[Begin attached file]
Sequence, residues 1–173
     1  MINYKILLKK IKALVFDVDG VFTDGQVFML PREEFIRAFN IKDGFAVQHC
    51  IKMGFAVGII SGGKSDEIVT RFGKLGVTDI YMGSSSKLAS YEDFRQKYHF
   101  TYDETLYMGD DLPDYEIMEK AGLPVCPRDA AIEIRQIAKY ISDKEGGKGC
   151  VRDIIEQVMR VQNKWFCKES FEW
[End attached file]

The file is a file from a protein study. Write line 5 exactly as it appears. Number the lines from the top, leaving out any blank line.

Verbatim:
   151  VRDIIEQVMR VQNKWFCKES FEW